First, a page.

Originally Posted by

**HallsofIvy** What, exactly, is your difficulty? The derivatives should be very easy. From r= a(1- cos t), r'= a sin t and r"= a cos t.

The numerator is $\displaystyle (a^2(1- cos t)^2+ a^2 sin^2 t)^{3/2}$$\displaystyle = (a^2- 2a^2 cos t+ a^2 cos^2 t+ a^2 sin^2 t)^{3/2}$$\displaystyle = (2a^2- 2a^2 cos t)^{3/2}= 2^{3/2}a^3 (1- cos t)^{3/2}$.

The denominator is $\displaystyle a^2(1- cos t)^2+ 2a^2 sin^2 t- a^2(1- cos t)(cos t)$$\displaystyle = a^2 - 2a^2 cos t+ a^2 cos^2 t+ 2a^2 sin^2 t- a^2 cos t+ a^2 cos^2 t$$\displaystyle = 3a^2- 3a^2 cos t= 3a^2(1- cos t)$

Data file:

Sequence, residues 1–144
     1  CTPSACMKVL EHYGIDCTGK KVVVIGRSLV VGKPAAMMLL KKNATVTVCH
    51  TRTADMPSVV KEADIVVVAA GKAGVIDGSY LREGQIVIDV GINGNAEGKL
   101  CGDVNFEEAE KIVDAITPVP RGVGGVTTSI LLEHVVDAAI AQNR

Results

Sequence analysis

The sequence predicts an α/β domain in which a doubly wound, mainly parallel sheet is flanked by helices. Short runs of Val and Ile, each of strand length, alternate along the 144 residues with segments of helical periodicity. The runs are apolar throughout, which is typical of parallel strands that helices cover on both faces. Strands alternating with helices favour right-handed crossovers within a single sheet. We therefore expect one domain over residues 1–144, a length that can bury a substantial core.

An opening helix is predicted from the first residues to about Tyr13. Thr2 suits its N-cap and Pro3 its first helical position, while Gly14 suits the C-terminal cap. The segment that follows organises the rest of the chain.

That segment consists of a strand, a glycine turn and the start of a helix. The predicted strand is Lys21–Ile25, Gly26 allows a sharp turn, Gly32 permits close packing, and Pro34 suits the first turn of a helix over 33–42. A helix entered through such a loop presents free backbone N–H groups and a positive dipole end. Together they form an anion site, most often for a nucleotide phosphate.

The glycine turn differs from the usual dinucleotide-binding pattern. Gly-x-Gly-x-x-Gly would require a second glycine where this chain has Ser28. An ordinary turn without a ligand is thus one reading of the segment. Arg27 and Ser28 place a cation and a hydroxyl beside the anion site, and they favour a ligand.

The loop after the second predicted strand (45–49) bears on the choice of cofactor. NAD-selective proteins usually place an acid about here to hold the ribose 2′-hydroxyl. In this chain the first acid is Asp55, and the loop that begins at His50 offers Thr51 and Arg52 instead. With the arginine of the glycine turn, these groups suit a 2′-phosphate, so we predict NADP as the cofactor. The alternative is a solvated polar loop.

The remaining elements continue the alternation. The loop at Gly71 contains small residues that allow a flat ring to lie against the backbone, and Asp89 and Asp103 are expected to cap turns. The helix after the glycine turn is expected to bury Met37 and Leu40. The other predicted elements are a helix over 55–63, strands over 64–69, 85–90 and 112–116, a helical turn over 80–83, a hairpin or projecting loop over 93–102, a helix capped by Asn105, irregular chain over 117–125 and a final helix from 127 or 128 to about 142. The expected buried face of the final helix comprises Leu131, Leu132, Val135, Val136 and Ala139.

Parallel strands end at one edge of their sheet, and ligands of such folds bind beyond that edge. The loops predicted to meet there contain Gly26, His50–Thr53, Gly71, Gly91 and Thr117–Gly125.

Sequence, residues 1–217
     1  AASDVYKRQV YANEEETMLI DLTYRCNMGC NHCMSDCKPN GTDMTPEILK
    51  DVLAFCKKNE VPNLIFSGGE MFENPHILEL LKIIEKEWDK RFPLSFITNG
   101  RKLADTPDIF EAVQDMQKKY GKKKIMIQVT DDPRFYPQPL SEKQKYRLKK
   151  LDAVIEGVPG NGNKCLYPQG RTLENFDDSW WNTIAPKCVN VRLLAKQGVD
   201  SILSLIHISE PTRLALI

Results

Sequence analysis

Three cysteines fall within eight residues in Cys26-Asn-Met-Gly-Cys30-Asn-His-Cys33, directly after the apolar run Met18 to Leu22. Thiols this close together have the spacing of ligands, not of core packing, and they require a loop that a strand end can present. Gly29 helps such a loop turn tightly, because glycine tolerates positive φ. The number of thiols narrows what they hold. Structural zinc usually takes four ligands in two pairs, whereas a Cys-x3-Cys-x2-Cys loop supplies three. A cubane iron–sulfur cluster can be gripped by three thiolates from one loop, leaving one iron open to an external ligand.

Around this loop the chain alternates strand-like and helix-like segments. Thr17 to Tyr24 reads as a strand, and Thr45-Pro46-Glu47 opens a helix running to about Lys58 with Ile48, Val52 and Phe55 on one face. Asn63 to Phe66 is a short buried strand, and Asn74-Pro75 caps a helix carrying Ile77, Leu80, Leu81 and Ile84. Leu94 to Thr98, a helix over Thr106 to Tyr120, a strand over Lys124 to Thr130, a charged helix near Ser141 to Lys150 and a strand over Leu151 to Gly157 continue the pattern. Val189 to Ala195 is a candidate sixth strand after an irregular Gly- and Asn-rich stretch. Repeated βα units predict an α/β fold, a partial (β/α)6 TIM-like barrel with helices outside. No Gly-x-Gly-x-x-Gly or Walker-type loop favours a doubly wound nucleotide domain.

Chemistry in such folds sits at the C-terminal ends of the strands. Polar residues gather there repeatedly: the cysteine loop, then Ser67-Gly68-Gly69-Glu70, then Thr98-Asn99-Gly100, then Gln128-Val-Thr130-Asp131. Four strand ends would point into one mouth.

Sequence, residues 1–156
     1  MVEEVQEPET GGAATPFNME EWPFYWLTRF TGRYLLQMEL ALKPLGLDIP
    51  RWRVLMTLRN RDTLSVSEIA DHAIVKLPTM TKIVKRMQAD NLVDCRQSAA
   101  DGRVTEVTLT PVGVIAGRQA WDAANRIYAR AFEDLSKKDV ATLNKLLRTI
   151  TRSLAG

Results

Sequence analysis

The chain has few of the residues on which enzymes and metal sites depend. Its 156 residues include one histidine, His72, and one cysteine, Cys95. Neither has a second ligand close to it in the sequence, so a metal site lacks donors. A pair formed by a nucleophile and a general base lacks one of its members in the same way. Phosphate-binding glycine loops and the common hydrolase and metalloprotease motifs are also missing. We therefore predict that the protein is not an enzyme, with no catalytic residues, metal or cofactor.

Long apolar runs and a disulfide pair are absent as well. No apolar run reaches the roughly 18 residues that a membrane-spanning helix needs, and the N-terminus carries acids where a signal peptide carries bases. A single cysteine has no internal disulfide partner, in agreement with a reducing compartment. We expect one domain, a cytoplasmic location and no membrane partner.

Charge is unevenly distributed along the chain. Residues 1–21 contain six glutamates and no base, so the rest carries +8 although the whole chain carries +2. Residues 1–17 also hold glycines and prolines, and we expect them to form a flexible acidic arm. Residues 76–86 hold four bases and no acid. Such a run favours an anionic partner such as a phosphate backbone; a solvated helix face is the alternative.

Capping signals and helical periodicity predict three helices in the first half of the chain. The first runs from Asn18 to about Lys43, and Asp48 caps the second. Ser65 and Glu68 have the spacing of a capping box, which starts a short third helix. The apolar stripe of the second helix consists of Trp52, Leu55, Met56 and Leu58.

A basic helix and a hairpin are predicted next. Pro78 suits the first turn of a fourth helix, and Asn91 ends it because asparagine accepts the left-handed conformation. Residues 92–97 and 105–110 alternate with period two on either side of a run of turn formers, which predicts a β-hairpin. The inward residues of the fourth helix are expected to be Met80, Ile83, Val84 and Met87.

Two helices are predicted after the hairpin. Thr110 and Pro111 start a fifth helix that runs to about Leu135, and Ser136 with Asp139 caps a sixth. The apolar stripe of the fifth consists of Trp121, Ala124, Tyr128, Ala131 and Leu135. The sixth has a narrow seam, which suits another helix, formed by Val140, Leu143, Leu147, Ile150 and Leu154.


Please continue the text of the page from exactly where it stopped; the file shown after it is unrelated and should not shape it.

So the fraction is $\displaystyle \frac{2^{3/2}a^3 (1- cos t)^{3/2}}{3 a^2 (1- cos 6)}= \frac{2^{3/2}}{3}a (1- cos t)^{1/2}= \frac{2^{3/2}}{3}a \sqrt{1- cos t}$

Now use a "half-angle" formula: $\displaystyle sin(t/2)= \sqrt{\frac{1}{2}(1- cos t)}$